Olympus was once the doyen of the photographic industry, with the OM range beloved for its svelte lines and high-quality manufacturing. Revitalized by mirrorless in the digital era through its collaboration with Panasonic, their OM-D range is iconic. So, why were they bought by the private equity fund Japan Industrial Partners — specialists in restructuring — and what are the portents for the future?
Film Camera Successes
Olympus has a heritage that spans back over a century, having been established in 1919. Initially, a microscope and thermometer manufacturer (and holding about 70% of the current endoscope market), they didn't start manufacturing cameras until 1936 starting with the Semi-Olympus 1 (a 4.5x6 folder) and followed by the Olympus Six (6x6) in 1940. As with other Japanese camera manufacturers, production ramped up after the war with the Olympus 35 coming in 1948, the first 35mm sold in Japan. It was the 1960s that ushered in Olympus' golden era. The beautifully designed half-frame PEN arrived pensively in 1959 but gained the admiration and a significant following. In 1967, Olympus launched the Trip series, selling over 10 million units and ingeniously incorporating autoexposure through a selenium meter surrounding the lens. Then, in 1972, the iconic OM arrived at a time when the high-end Nikon F reigned supreme. In stark contrast, the highly compact OM system (and it was a full system, including a generous lineup of highly regarded Zuiko lenses) was revolutionary, a real street camera. Olympus then launched the XA — probably the smallest true rangefinder ever made — in 1978. I have very fond memories of this camera and have one in my collection. It is a joy to shoot with, allows fully manual operation, and takes sharp pictures, yet slips easily into the pocket. Any film aficionado should own one.
As with a number of camera companies, the 1980s is where it started to unravel. Up to this point, manufacturers had often been optical businesses that had expanded into lens production and then the precision engineering of camera bodies. But the 1970s saw the integration of electronic operation: those that embraced it thrived, and this is no better exemplified than through the integration of autofocus. Minolta was at the forefront of this revolution (and formed the basis for Sony's current imaging division) with the 7000AF; Olympus' lackluster response was the 1986 OM-707, which was a commercial disaster and subsequently dropped. The 1990s was therefore a decade they would probably rather forget about in terms of SLR development.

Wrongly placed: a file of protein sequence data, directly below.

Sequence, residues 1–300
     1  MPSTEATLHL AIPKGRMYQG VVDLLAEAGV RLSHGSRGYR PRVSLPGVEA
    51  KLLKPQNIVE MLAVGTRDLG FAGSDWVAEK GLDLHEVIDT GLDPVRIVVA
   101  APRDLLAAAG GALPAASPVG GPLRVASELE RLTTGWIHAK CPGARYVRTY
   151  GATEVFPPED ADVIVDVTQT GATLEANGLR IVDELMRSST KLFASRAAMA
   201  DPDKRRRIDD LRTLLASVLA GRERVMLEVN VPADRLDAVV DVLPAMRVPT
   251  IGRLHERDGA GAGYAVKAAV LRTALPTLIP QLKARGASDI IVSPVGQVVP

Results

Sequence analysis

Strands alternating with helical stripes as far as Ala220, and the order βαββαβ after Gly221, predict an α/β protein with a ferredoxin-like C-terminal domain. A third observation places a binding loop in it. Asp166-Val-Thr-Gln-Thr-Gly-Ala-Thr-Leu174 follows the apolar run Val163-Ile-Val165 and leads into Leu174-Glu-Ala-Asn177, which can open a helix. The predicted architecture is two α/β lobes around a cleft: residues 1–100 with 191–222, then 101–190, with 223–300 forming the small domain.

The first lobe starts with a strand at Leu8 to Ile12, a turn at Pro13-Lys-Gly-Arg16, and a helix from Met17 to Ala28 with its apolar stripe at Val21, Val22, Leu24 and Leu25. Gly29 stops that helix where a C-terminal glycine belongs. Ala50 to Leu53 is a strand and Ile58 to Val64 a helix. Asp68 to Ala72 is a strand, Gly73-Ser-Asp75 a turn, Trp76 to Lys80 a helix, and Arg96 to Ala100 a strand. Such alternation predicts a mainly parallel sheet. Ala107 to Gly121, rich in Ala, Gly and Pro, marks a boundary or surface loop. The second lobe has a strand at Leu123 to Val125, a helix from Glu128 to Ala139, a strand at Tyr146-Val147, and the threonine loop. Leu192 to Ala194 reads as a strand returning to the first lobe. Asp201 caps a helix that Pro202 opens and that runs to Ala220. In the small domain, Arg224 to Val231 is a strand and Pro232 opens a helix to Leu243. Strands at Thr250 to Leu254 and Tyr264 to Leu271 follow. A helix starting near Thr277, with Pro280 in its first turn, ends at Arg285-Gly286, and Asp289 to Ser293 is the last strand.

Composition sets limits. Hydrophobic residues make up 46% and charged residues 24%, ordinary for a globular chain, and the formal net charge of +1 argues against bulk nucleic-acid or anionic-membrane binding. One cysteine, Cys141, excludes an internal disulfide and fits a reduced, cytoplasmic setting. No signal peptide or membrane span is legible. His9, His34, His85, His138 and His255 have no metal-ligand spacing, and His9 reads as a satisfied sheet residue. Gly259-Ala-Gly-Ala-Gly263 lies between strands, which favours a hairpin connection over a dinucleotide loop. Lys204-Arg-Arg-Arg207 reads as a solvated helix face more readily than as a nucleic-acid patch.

Into the Digital Era
Olympus' success from 1990 through to 2010 was largely built on the bridge camera, the first film, and subsequently digital. Its Stylus and Camedia ranges were at the forefront of the resolution wars and persuaded consumers to buy cameras in their droves. It was a golden period of camera manufacturing as sales increased year by year, with those that made good products and were able to manufacture in quantity reaping the benefits. That said, it is hard not to make money in a rising market. With sales high, if you have a product, someone will buy it, and for Olympus, this meant they could sink profits into reviving their SLR line, which they did in the form of the E-1 in the defining year of 2003. Partnering with Kodak, they developed a Four-Thirds based DSLR from the ground up, which was perhaps counterintuitive at a time when Nikon and Canon were converting their 35mm systems. It was innovative, incorporating the first ever sensor dust removal system, but not quite competitive with the leading brands.
However, Olympus' digital legacy will largely be remembered for Micro Four Thirds, which they co-founded with Panasonic in 2009. Essentially a modernization of Four Thirds, achieved by removing the mirror box, it was a return to their film roots — a svelte street camera that would fit the hands of the well-heeled prosumer and targeting a different market to Panasonic. They started with a reboot of the successful PEN line with the release of the E-P1; however, it was the OM-D E-M5 that got pulses racing a little more, as it was genuinely built in the vein of the original OM, offered a range of quality lenses, and brought in-body image stabilization to mass production. It was a groundbreaking camera that garnered a plethora of awards when it was released in 2012. The M1 introduced phase detect AF in 2013, with the M10 coming in at a lower price point in 2014. All three have gone through two subsequent iterations, with the E-M1X arriving in 2019. The latter was a return to the ethos of the E-1: professional news photography. Built to a high specification and making good use of the 7.5-stop IBIS sensor, it was the best digital camera they had ever made.